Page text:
YOO: No. No. First of all, before he was subjected to any enhanced interrogation measures, Khalid Sheikh Mohammed actually refused to answer any questions at all. He actually invoked his right for a lawyer and to remain silent and said, I'll see you guys in New York City. After enhanced interrogation measures, he became cooperative. That doesn't mean obviously that he wasn't trying to downplay the significance of the couriers. But that's the whole point of the intelligence operation is that you pull together a mosaic of everything Khalid Sheikh Mohammed said, this al-Libi said. Another guy named Ghul (ph) who was captured said you put it all together it allows you to put things into focus. The fact that Khalid Sheikh Mohammed and these other leaders were trying so hard actually to downplay someone that intelligence suggested was important signified why we had to find this courier's identify and where he was.

SPITZER: John, when you interrogate people, you need truthful answers and the whole purpose of the enhanced interrogation, your word what we call torture, waterboarding, most people have absolutely no doubt dispute that waterboarding is torture. The fact of the matter is, after 183 instances of waterboarding, he lied about this guy. He tried to distort, twist, and would not tell the truth but John, anyway, I appreciate you having the good humor to come on this show even though we disagree fundamentally on some of these issues. And have a good trip up in Alaska. I appreciate you coming on.

YOO: Thanks.

(END VIDEOTAPE)

SPITZER: I have to say it is kind of amazing how some folks from the prior administration cannot ever summon the basic decency to say to President Obama, job well done. We have done something amazing. The president succeeded.

John Yoo, please just stand up and say, president, you did it right.

All right. Coming up, the political implications of President Obama flexing American muscle and taking out bin Laden. E.D. Hill joins us. Stay right there.

(COMMERCIAL BREAK)

E.D. HILL, CNN CONTRIBUTOR: The dramatic events over the last few days have a lot of people wondering, some wondering, about how much of the impact the killing of Osama bin Laden will have on the 2012 presidential election.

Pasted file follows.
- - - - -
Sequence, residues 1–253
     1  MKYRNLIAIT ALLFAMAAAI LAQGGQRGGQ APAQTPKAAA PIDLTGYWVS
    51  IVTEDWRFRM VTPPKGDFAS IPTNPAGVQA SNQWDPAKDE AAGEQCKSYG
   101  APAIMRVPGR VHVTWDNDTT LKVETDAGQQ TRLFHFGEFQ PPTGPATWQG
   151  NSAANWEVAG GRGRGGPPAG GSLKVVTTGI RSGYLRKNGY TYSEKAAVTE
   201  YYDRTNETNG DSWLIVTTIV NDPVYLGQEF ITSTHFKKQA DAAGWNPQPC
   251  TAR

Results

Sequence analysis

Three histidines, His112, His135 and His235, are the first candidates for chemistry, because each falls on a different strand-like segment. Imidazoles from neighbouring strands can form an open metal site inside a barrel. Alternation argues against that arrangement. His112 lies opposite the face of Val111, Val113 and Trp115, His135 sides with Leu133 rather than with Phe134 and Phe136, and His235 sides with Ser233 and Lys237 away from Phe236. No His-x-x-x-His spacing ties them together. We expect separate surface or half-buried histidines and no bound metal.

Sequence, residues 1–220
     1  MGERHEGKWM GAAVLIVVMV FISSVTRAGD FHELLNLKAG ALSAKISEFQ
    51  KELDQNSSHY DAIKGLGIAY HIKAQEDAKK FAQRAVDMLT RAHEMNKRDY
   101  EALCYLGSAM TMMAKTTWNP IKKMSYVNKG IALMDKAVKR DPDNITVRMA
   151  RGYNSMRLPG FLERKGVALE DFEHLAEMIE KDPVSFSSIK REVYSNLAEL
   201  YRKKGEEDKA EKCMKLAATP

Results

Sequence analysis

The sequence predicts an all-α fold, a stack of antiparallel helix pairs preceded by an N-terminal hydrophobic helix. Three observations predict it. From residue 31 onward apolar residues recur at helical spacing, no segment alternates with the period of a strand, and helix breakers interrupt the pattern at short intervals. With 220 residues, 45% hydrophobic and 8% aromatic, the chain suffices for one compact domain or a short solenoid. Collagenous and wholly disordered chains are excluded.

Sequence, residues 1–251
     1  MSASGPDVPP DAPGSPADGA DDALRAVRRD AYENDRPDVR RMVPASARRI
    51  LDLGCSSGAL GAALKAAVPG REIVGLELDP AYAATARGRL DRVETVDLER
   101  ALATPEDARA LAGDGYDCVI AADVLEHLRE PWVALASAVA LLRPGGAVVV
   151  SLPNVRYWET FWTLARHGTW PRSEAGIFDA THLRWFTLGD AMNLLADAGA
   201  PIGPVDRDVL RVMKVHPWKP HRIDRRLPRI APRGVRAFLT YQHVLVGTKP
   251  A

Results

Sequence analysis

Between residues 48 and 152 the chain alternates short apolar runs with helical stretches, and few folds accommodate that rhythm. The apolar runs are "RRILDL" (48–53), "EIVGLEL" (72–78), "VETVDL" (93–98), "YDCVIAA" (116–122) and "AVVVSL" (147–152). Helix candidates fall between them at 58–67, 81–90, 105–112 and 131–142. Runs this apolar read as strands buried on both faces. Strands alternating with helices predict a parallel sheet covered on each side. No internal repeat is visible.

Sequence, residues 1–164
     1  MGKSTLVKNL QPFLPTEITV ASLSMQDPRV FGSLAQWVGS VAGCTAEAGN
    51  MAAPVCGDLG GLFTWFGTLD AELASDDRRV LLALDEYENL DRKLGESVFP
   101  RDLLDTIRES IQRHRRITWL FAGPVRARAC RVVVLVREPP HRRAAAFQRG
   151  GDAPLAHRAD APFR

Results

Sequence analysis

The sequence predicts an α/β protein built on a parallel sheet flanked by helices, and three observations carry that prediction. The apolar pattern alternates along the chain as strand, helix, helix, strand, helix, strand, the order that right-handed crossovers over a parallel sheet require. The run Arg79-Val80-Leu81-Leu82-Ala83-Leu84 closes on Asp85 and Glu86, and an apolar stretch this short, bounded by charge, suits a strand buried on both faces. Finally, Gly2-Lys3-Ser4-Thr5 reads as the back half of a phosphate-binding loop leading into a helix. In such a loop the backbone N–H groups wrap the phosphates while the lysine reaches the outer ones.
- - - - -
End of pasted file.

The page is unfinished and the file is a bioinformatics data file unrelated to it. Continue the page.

Well, the best person to ask in the business is Larry Sabato. He is the director of the Center for Politics at the University of Virginia.

Larry, good to talk to you again.

LARRY SABATO, DIRECTOR, UNIV. OF VA. CENTER FOR POLITICS: Thank you, E.D.

HILL: So, we've got a new poll out, says the president is looking better than ever in terms of his approval rating. Does this mean anything?

SABATO: Yes, it does mean something. Obviously short term he can take this political capital and spend it, maybe on the deficit and debt, maybe on some other foreign policy issues.

You know, for the long run, you know as well as I do, all bumps fade and they generally fade pretty quickly, within weeks or months. But, you know, there's one aspect that will last. I think the Republicans had been planning on using national security policy as a secondary attack on Obama after the economy. It's more difficult to do that now. He's had a major national security success that eluded his predecessor, President Bush. HILL: Well, if we take a look at this particular poll, the Quinnipiac poll comes out and it shows that the president's approval rating goes up six points to 52 percent from the previous week. The disapproval, I think that's just as important, goes down eight points. But can the president maintain that? Isn't that something that you've seen historically?

SABATO: Yes. If you trace this back, at least for the last three presidents who've been very polarizing, Presidents Clinton, Bush and Obama, these bumps really don't last very long, especially in bad, economic times. I think that's the key condition.